We’ve all been doing things differently.
But for the team at Springboard Trust – including our amazing volunteer base – the remote environment has provided an opportunity to learn and connect in all-new ways.
Much of the work principals do with us is predicated on the cross-sector model, the idea that people coming together from different backgrounds can help each other develop in truly astonishing ways. Between our volunteers, facilitators, team and principals, how can we keep that connection going?
With an ironing board, of course.
Better together – no matter the environment
For Ellie Sutton (Portfolio Delivery Lead, Wellington and Canterbury) and Nicholas Williams (Programme Manager, Canterbury), facilitating a Strategic Leadership for Principals Programme workshop remotely had some key differences – and challenges.
“There wasn’t much of a shift in the course material,” Nicholas says, “but tech was a huge consideration.”
“'We had to be particular about planning the sequence of events and who would drive the different tech functions, and think how we would provide people with the opportunity to talk. With a series of faces on a screen and most people 'on mute', normal silences can become amplified, and it became really important to address everyone and create times where they all could contribute.”
Nicholas and Ellie had some nerves about leading a remote workshop – how engaged people would be, and whether everyone would feel a part of it. From the moment principals began reflecting on their last few weeks, they realised everyone was all in.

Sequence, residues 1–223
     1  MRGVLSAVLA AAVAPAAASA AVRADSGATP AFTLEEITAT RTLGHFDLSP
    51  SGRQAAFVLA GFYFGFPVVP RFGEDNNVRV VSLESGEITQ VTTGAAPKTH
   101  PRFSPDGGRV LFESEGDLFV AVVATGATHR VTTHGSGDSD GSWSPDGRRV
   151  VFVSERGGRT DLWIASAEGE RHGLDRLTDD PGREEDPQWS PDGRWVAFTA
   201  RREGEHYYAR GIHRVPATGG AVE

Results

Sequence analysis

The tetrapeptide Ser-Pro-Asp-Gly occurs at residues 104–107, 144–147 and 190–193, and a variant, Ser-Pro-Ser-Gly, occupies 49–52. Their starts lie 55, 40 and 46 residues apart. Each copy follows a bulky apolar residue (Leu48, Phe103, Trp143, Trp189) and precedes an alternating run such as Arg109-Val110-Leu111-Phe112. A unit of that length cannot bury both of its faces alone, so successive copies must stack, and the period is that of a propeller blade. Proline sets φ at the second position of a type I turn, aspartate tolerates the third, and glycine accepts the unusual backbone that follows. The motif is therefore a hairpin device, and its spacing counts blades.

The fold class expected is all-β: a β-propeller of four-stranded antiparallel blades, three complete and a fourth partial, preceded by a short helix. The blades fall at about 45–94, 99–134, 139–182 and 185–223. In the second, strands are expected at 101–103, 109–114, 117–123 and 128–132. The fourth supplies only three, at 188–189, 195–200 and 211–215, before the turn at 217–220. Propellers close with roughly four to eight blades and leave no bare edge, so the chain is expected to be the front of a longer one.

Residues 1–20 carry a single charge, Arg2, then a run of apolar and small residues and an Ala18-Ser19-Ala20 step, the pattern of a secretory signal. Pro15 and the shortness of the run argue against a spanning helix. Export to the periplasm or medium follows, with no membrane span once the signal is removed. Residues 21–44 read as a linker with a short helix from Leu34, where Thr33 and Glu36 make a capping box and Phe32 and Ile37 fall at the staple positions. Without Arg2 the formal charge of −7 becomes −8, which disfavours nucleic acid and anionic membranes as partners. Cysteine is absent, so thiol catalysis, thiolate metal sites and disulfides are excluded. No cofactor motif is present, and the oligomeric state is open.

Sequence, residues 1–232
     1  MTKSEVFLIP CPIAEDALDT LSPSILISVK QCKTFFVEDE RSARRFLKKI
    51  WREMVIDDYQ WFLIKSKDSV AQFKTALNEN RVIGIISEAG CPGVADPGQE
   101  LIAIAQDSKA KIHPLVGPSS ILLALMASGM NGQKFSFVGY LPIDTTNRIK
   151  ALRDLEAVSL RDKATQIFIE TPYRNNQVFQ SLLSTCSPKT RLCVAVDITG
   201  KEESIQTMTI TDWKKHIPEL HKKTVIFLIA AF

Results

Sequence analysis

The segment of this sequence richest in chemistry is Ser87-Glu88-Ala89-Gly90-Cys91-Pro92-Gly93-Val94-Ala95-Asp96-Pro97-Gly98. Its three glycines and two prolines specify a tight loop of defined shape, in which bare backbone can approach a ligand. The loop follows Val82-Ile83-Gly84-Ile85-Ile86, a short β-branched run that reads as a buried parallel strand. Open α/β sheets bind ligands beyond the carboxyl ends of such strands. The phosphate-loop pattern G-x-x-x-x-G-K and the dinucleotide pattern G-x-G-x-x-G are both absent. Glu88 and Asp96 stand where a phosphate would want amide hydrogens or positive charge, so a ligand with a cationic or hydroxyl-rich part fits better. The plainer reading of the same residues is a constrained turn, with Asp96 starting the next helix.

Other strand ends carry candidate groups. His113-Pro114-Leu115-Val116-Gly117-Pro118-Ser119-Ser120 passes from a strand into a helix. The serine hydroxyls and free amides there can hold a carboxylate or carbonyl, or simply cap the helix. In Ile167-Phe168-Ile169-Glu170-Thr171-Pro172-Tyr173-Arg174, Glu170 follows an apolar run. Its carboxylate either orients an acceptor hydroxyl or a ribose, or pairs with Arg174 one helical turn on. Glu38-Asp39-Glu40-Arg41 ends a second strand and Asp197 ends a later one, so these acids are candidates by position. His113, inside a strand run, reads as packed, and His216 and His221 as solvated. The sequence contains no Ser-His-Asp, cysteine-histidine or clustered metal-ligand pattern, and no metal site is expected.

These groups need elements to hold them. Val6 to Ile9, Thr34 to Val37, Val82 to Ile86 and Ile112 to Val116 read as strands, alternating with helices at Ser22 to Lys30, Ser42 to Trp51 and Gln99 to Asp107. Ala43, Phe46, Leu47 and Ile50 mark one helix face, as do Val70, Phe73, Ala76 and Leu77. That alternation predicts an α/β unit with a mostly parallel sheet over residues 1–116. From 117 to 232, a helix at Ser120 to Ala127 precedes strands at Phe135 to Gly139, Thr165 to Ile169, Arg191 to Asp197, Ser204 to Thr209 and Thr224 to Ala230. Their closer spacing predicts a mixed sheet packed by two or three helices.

As Ellie explains, a big factor in keeping this engagement going was changes of state.
“We learned a lot from out facilitation workshop with Sysdoc, particularly not to be afraid to change our space. Just because we’re presenting on a screen, it doesn’t mean everything has to take place there – we're also in our own physical environment, which we can use to our advantage.”
This meant, when it came time for whiteboard sessions, things got inventive. Using a whiteboard and flip chart on the wall, and the computer set upon her ironing board, what could have been a screen share became something much more engaging and entertaining.
“I’d seen memes of people creating home offices in lockdown, using ironing boards as standing desks – that sort of thing. When I started thinking about changes of state, I thought about those ironing board memes and realised hey, I have one of those!”